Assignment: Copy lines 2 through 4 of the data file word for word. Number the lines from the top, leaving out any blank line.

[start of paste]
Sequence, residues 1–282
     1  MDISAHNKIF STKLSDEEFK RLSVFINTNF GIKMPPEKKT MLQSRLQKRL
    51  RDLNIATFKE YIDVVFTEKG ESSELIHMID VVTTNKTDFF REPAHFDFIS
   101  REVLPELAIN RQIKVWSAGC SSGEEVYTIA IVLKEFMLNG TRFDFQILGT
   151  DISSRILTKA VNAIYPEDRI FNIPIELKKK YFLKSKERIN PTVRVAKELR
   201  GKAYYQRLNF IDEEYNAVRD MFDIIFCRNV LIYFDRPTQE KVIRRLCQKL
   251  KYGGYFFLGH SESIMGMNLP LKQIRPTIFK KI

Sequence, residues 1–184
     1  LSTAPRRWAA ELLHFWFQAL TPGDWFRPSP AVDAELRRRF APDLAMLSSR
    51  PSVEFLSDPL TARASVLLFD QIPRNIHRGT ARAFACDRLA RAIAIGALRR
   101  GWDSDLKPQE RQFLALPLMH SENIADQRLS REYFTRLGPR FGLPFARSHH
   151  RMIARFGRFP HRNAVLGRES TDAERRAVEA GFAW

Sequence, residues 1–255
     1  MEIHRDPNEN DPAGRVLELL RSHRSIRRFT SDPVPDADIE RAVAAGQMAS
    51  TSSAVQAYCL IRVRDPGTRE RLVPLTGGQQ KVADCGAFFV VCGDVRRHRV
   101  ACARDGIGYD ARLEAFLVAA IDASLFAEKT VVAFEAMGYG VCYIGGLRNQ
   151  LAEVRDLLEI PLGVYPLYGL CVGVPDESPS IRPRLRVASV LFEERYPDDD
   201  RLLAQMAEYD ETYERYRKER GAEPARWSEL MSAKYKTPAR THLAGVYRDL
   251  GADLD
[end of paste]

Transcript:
     1  MDISAHNKIF STKLSDEEFK RLSVFINTNF GIKMPPEKKT MLQSRLQKRL
    51  RDLNIATFKE YIDVVFTEKG ESSELIHMID VVTTNKTDFF REPAHFDFIS
   101  REVLPELAIN RQIKVWSAGC SSGEEVYTIA IVLKEFMLNG TRFDFQILGT